• If the leaseholder is unhappy with the service provided by the freeholder, they can challenge the service charge costs via a Leasehold Valuation Tribunal (LVT). Challenges can be made on grounds including:

–       Whether the service charge costs were reasonably incurred

–       Whether the services or works are of a good standard

–       Whether the estimated service charge, payable before costs are incurred, is reasonable

  • When challenging whether service charge costs have been reasonably incurred, factors including the financial impact on leaseholders and whether the work should be phased to spread the cost can be considered. However, the leaseholder cannot insist that service charges are phased to spread the cost of major works.
  • Leaseholders aren’t able to avoid service charges on the grounds of hardship. So if particular repair is required urgently and is carried out at a reasonable cost and to a good standard, the leaseholder must pay in accordance with the terms of the lease.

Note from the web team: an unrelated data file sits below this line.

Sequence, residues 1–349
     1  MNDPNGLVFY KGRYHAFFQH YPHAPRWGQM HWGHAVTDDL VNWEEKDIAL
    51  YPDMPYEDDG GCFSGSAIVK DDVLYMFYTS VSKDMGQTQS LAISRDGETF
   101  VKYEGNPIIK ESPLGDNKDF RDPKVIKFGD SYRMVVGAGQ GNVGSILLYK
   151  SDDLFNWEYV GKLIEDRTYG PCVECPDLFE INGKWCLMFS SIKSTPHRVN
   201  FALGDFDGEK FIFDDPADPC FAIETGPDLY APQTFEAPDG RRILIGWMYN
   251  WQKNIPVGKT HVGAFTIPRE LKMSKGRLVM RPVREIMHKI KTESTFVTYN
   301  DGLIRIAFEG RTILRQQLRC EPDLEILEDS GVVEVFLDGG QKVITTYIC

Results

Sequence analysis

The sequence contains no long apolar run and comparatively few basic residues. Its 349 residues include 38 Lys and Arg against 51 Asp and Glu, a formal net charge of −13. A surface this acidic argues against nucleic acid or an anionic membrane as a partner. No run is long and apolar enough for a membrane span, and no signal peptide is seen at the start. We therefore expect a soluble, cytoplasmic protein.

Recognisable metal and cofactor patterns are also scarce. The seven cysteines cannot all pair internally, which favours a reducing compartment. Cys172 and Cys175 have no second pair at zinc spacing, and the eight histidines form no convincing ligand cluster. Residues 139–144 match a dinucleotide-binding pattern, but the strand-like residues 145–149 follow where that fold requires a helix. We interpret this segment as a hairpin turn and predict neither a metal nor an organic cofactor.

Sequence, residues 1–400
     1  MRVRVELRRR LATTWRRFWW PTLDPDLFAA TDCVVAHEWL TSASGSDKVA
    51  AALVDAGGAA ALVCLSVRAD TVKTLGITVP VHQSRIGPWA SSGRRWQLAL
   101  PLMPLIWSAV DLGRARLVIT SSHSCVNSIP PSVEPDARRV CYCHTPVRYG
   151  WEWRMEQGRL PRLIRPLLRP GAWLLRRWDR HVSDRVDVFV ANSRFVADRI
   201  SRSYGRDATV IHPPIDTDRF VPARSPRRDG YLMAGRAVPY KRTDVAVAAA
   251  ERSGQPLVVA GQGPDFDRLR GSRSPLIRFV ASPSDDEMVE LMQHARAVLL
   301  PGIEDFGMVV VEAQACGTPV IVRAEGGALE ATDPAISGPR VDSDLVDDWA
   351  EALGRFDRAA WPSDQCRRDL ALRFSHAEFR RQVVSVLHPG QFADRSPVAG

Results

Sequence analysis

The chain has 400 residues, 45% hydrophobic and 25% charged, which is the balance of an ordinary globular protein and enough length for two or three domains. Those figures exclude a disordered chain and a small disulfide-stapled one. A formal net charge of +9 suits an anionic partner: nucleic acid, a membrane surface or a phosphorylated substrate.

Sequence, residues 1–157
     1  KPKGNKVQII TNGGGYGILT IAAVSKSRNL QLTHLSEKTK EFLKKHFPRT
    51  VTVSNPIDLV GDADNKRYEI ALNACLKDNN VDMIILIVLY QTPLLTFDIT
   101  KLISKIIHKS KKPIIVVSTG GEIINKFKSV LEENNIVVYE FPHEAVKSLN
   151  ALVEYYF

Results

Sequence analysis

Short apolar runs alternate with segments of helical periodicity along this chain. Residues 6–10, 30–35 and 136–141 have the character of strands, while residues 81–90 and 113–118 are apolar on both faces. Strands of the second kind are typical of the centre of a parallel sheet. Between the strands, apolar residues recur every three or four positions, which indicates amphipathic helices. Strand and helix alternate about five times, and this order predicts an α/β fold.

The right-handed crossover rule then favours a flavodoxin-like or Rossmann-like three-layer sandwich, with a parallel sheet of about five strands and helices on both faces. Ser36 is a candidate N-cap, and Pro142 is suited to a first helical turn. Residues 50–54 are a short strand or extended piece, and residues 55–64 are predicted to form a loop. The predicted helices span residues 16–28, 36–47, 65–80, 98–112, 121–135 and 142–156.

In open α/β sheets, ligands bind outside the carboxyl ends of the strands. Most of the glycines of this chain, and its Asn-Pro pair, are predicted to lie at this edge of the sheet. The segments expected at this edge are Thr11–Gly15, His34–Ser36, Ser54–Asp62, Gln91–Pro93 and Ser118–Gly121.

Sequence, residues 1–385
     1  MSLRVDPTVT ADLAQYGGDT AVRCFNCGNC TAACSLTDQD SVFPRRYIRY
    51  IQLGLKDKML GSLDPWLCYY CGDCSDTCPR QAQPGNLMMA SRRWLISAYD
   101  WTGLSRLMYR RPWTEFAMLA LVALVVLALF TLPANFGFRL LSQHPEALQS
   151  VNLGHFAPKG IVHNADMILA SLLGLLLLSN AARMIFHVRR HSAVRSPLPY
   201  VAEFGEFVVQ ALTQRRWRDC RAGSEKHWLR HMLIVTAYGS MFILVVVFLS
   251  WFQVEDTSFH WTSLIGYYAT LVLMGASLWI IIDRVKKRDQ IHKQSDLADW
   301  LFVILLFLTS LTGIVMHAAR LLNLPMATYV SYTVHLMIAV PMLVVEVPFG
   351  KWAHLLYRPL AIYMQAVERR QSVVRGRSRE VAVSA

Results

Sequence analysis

If you’re a leasholder and would like advice or guidance on any of the tips covered, visit our Chafes recognised suppliers page.

4 thoughts on “Top tips for lease-holding landlords

  1. Is there a limit to the amount that a Mangement Company can charge leaseholders for their addition services? For example for Surveyors to investigate problems and/or “oversee” works? Many Management companies have their own Surveyors to carry out this work. I have seen situations where building repairs have been increased by £1000’s by these costs. On one occassion after years of small repairs, each following a surveyors report, a roof was replaced. 1/3rd of the cost of these works was for fees from the Management company. I own several houses that have had roof repairs and/or replacement over the years. I called 3 roofing companies who came out and gave me a quotation free of charge. Do Mangement companies need to use their Surveyors to establish that there is a hole in a roof where the rain comes in? If so how much should they charge?